Tuesday, March 8, 2011
Keeping It Real
Now in the fixed-wing market, FLYIT simulators are impressively realistic and take flight training to another level
As proven at AOPA Expo, the simulators are unbeatable marketing tools. Simpkins tells me he has customers who take the rolling classroom to high schools and colleges. “This can even be taken to a mall,” he adds. “Imagine the power of that as a promotional tool and consider how easy that is; it just plugs into normal power.” Schools that prefer not to use the trailer can place the simulator system in a room (23x19 feet required).
The Fun FactorFun seems to figure prominently in aviation. FLYIT simulators offer fun and then some. We’re lucky to live in a time when realistic simulation is a part of our reality. With their emphasis on realism, FLYIT sims allow you to do and try things you never could in real life. Repeating an approach in rain or ice or at night is a matter of pushing a button. Relocating yourself to some exotic location is just as easy. How else besides one of these simulators could I ever practice landings in China or steep turns at night over India? The possibilities go on and on.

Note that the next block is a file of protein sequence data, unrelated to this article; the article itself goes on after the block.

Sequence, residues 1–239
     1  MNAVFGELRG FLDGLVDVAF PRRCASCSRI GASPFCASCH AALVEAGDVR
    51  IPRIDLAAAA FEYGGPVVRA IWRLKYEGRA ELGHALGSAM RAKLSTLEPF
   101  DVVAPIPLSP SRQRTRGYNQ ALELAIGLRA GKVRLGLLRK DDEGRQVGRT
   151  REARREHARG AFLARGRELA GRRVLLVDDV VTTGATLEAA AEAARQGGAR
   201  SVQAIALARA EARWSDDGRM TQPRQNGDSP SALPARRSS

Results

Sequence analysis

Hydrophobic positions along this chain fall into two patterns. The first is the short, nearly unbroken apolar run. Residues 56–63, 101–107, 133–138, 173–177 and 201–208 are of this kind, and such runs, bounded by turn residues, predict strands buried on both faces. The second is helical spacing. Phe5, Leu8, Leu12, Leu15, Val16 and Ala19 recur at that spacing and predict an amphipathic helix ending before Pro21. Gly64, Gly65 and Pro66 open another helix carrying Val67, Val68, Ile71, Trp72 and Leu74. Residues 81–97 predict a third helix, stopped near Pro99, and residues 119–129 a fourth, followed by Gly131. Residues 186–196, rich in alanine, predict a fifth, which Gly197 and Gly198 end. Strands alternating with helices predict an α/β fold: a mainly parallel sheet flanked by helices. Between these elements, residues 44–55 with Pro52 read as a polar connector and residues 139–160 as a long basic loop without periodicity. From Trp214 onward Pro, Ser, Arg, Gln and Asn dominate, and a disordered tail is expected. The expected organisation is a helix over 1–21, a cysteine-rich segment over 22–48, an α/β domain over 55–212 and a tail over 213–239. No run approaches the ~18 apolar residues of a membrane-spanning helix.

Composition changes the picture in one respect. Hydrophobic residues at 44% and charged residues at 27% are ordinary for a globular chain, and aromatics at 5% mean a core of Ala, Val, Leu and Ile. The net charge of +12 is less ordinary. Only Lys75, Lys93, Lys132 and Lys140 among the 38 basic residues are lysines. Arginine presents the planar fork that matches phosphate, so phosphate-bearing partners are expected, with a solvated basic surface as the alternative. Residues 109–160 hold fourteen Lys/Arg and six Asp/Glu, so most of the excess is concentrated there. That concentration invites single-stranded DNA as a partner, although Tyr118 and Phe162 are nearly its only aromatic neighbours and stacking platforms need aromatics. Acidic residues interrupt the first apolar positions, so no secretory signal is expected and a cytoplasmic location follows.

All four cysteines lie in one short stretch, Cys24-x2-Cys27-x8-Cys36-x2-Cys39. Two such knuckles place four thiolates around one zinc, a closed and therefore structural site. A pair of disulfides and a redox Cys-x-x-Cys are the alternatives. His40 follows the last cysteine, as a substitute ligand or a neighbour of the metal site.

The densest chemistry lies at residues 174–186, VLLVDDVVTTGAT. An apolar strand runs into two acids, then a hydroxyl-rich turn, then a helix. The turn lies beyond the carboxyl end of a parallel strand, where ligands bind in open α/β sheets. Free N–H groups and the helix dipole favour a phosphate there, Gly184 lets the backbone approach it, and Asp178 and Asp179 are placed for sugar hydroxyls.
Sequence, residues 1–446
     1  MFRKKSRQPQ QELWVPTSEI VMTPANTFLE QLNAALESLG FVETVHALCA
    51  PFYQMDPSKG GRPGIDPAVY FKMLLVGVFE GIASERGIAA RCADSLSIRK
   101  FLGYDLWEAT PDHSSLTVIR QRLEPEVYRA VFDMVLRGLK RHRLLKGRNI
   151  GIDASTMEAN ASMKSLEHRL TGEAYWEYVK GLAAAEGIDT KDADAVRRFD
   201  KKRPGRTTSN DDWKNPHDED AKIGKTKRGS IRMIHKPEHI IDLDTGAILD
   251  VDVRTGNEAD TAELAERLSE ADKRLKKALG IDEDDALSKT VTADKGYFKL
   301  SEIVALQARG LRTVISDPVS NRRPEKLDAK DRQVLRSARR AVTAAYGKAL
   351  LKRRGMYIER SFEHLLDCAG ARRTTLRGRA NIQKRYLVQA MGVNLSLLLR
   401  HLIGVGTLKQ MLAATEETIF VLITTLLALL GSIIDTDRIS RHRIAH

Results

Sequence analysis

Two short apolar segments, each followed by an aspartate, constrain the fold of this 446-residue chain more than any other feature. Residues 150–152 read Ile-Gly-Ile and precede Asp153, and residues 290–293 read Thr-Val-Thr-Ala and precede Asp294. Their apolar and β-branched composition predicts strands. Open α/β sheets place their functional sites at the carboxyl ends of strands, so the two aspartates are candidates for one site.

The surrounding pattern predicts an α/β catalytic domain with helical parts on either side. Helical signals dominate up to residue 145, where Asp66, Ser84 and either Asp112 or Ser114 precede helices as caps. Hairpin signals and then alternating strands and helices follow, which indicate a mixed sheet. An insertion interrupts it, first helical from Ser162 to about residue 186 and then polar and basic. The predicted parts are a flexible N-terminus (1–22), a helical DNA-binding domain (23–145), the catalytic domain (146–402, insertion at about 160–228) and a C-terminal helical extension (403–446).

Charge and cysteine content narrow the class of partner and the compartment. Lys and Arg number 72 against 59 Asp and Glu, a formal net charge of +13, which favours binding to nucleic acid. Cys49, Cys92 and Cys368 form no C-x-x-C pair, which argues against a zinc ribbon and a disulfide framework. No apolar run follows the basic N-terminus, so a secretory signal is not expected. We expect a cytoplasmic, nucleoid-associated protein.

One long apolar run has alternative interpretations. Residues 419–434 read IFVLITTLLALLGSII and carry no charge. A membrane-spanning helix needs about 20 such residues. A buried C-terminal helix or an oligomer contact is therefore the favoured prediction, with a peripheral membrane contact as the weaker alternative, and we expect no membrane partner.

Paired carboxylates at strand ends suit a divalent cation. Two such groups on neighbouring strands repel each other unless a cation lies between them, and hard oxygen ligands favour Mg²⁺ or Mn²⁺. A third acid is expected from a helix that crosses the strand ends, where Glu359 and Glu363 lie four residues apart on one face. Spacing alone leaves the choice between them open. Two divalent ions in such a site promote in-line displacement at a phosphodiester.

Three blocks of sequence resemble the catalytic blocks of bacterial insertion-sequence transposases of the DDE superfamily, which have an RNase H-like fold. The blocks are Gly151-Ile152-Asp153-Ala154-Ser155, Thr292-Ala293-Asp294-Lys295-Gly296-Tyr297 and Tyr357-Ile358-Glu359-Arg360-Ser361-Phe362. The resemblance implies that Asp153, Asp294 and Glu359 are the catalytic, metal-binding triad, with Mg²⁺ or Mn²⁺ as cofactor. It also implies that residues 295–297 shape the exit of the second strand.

Back in the Jet Ranger, Bobby and I (Bobby Smith is actually one of FLYIT’s software engineers) decide to head elsewhere to practice hovering. As we leave Hong Kong, I buzz the helicopter just over the tails of the airliners sitting on the ramp. “In real life, they say it takes a pilot some 10 hours or more just to learn how to hover,” says Bobby as we just miss the tail of a KLM 747. “Imagine the cost. Here you can do it over and over without any risk.” Back in Seattle, I manage a decent landing. I never even left the building or spent a cent on avgas. Outside, the cold fog rolls in. Inside, its summer and we’re headed for Florida. I could get used to this.
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